With the IIHS (Insurance Institute for Highway Safety) quantifying the relative safety of vehicles in various types of accidents, it seems that small cars are no longer up to par.
Its seems logical to assume that, the bigger the car, the safer you’ll be in case of an accident. On the other hand, small cars are more fuel-efficient, which speaks for why people are choosing small cars over big cars, since we figure that we’ll spend more time commuting than getting into accidents. Vehicle construction and additional safety systems play a big part in how well any vehicle performs in the IIHS crash test, but the general rule still applies.
IIHS crash testing has evolved over the years, including the addition of sophisticated crash test dummies that can record the stresses generated in a crash, and different crash types. People are made in different sizes, so why shouldn’t crash test dummies be made in different sizes? Also, not everyone is involved in the same head-on crash, so why would the IIHS only test that type of crash?
The offset frontal crash test, which has been traditionally tested with 50% offset, has been a mainstay for years, making or breaking (literally) the crash test ratings of many vehicles. A second test has been added to the regimen, the small-offset frontal crash test, which has knocked out a number of small cars, such as the Toyota Prius, which lost one star off it’s NHTSA (National Highway Traffic Safety Administration) Five-Star Safety Rating. The vehicle hasn’t changed.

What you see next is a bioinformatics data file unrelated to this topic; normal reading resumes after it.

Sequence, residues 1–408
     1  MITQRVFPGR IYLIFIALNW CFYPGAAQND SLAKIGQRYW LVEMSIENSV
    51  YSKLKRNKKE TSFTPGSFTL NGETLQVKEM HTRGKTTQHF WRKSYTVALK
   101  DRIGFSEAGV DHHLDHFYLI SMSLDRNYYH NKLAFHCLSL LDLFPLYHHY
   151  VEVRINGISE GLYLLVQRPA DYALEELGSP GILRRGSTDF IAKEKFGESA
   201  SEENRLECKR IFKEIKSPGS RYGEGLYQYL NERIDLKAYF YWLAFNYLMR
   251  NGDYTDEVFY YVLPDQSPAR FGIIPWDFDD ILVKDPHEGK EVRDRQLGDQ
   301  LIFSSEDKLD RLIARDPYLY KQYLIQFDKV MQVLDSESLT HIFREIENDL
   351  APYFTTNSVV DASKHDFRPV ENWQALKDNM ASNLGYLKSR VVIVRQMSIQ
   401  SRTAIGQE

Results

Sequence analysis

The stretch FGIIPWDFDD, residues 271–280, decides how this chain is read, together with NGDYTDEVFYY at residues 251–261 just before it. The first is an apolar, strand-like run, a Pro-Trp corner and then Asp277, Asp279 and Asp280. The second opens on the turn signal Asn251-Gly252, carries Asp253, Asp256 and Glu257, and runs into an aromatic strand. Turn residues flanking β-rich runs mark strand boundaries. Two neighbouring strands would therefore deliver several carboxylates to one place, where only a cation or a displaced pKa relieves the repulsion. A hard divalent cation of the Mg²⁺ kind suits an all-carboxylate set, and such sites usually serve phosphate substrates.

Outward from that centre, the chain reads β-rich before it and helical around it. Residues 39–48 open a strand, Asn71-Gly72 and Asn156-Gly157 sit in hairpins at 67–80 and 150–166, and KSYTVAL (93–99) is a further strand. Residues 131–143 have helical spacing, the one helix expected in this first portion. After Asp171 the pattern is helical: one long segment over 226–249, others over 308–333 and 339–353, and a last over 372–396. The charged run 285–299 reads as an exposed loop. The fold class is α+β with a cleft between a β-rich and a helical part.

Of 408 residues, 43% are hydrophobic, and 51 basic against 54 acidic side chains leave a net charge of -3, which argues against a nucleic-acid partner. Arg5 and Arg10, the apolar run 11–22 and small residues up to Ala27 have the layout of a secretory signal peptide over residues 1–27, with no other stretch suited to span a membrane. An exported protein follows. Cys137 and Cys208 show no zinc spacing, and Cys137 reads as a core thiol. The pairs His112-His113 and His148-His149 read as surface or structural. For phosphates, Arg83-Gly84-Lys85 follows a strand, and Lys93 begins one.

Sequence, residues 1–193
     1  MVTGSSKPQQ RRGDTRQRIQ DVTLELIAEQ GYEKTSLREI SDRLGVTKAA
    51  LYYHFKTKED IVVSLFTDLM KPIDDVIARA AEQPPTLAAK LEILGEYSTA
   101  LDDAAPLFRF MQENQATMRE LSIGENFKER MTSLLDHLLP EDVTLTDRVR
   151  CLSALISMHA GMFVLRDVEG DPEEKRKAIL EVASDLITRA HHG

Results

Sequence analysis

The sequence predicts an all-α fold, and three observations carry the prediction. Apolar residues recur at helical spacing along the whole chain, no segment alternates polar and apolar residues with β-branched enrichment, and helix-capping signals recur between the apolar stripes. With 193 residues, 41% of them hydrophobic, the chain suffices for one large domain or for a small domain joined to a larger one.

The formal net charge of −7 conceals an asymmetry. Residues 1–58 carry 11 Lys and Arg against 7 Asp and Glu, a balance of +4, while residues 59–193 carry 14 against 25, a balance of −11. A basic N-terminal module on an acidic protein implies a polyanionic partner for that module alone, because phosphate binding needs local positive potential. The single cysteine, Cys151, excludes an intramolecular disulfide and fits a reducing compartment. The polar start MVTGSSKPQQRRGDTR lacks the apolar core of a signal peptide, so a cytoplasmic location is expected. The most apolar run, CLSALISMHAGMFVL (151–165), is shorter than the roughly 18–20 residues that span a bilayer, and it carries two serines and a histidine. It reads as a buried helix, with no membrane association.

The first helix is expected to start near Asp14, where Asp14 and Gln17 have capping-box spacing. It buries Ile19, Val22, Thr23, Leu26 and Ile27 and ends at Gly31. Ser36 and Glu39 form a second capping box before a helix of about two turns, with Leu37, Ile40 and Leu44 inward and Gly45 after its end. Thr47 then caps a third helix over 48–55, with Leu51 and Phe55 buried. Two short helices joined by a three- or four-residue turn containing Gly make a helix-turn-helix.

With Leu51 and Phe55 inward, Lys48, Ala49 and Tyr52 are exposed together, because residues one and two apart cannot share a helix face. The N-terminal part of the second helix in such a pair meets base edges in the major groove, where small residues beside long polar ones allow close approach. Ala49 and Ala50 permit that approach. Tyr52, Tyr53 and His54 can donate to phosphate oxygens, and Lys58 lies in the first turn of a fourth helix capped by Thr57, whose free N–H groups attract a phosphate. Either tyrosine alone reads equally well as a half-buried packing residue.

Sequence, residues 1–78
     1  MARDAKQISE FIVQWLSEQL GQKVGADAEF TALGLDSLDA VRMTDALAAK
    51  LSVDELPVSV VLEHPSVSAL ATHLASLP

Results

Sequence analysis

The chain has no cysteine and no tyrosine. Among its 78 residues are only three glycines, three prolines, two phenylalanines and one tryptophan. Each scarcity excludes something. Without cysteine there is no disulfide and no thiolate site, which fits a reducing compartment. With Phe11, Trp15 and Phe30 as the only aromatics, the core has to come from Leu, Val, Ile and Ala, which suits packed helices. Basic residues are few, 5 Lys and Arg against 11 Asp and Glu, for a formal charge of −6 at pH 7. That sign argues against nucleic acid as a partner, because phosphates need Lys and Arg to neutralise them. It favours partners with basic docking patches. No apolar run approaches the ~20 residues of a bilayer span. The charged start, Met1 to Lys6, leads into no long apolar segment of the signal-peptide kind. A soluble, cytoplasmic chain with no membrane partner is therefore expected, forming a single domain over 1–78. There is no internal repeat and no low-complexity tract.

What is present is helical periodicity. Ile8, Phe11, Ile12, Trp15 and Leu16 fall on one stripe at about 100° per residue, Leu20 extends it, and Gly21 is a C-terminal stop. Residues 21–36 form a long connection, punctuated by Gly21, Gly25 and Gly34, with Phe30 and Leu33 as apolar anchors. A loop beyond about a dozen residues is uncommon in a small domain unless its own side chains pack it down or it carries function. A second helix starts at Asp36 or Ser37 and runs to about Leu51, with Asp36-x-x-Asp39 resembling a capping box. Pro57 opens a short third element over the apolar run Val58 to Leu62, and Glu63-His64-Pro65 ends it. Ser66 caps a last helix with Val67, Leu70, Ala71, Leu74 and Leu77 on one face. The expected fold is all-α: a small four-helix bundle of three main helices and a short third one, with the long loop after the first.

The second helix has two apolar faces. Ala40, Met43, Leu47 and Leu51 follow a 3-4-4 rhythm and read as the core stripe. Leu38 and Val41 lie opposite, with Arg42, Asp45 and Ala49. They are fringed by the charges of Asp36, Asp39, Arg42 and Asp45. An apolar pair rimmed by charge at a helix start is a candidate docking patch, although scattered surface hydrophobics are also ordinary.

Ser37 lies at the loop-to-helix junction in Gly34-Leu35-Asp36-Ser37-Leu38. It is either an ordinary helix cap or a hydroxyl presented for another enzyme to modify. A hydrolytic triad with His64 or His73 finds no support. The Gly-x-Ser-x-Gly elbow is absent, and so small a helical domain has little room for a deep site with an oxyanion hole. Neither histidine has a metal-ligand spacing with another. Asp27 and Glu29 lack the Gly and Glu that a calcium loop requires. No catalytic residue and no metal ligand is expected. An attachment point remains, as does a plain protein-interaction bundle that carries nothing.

Small cars fared very badly in the new IIHS small-offset frontal crash test, just 25% offset, and include pretty much all vehicles in the micro-car segment, not just the 2013 Fiat 500 in the above video. No cars even rated as “Good,” and only the Chevy Spark rated “Acceptable.” Ranking in at “Marginal” were the Ford Fiesta, Mazda2, Kia Rio, and the Toyota Yaris. At the bottom of the list, rating “Poor,” were the Honda Fit, Fiat 500, Nissan Versa, Toyota Prius c, Hyundai Accent, and the Mitsubishi Mirage.
These small cars haven’t suddenly become less-safe, but automakers have a lot to work on to make them stand up to more rigorous IIHS and NHTSA crash testing standards. Considering that the small-offset frontal crashes account for some 25% of all injuries and fatalities, it seems fair that small cars ought to be tested this way. The only problem, aside from automakers needing to play catchup, is that consumers may very likely see small cars are not worth their lives, and head back to larger, and typically less fuel-efficient, vehicles.
Image © IIHS